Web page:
When a drug addict undergoes the “cold turkey” cure, he will sometimes go into convulsions. This is the anarchy of cold turkey.

9 comments to The floodgates of anarchy

  • Wow. These are astonishing days.

  • G Cooper

    Watching the scenes of jubilation this morning and the way the liberating troops are being greeted, I find myself experiencing strangely mixed emotions. I am deeply, unashamedly, proud of the coalition’s forces and the restrained and civilised way they have behaved in all this and I am also delighted for the Iraqis. But still there’s a troubling sensation nagging away at the back of my mind. It’s that the greater fight has yet to come. Not with bin Laden, Iran or Syria – the one against a far deadlier enemy, our own corrosive, mendacious Left and its fellow travellers: the Lib-Dems, anti-globalisation clowns, pacifists, religious ‘leaders’, self-styled ecologists and the rest.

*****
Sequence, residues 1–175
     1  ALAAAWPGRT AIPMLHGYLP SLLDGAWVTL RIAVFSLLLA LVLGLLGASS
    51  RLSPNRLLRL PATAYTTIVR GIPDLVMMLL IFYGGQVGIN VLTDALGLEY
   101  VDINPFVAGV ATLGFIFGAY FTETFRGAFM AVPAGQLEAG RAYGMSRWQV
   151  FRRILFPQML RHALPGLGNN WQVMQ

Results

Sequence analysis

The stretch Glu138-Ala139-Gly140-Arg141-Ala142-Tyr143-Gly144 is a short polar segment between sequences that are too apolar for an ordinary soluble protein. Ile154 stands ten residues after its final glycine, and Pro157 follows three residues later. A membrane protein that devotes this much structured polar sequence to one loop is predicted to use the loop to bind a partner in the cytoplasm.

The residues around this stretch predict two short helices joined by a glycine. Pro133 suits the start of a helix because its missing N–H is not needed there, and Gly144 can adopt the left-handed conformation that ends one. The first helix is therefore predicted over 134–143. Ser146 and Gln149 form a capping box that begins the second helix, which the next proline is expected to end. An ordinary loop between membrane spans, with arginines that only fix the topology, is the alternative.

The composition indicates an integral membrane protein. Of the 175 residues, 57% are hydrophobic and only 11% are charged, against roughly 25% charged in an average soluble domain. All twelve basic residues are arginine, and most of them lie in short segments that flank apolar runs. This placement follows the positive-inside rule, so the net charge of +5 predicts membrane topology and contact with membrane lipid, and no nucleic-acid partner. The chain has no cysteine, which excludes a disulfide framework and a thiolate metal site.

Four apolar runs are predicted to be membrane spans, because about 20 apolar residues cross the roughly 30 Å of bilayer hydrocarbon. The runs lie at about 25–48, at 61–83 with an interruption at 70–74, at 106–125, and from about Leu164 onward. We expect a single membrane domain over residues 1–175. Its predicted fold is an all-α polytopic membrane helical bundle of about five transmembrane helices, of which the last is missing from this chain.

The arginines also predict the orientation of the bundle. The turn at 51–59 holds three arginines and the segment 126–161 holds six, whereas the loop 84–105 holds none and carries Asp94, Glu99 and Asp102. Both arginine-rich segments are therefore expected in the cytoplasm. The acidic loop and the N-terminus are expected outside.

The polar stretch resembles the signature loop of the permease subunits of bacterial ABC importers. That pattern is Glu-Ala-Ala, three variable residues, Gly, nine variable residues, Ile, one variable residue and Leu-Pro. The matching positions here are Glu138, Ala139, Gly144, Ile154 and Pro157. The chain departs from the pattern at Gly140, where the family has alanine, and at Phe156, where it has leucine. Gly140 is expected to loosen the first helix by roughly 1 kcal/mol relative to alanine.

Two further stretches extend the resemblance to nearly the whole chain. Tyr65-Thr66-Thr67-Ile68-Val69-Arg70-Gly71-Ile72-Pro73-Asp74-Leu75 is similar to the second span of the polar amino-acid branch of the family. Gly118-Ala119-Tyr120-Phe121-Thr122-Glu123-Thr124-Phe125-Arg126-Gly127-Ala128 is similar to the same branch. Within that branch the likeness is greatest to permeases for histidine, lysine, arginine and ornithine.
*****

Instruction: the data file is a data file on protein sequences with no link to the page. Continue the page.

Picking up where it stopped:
Yesterday, even as the British were securing Basra and the Americans preparing to liberate Baghdad, I heard a radio phone-in during which an Iraqi in exile was pouring scorn on the liberation, saying that the people would never welcome our forces. He was, of course, wrong but will he would admit that today? He will not. Nor will the intellectually bankrupt army of Left-liberal academics, ‘experts’, ‘analysts’, broadcasters, politicians and journalists which has done nothing but undermine our efforts to rid Iraq and the world of Saddam’s wickedness.

    Nothing will make these people admit they were wrong about almost every single aspect of this war. They will simply move on to criticise something else, not even pausing to reflect on their streams of negativity, lies and hopelessly inaccurate predictions (“millions of dead” “armageddon unleashed in the Middle East”, “ecological catastrophe” “it’s all about oil”).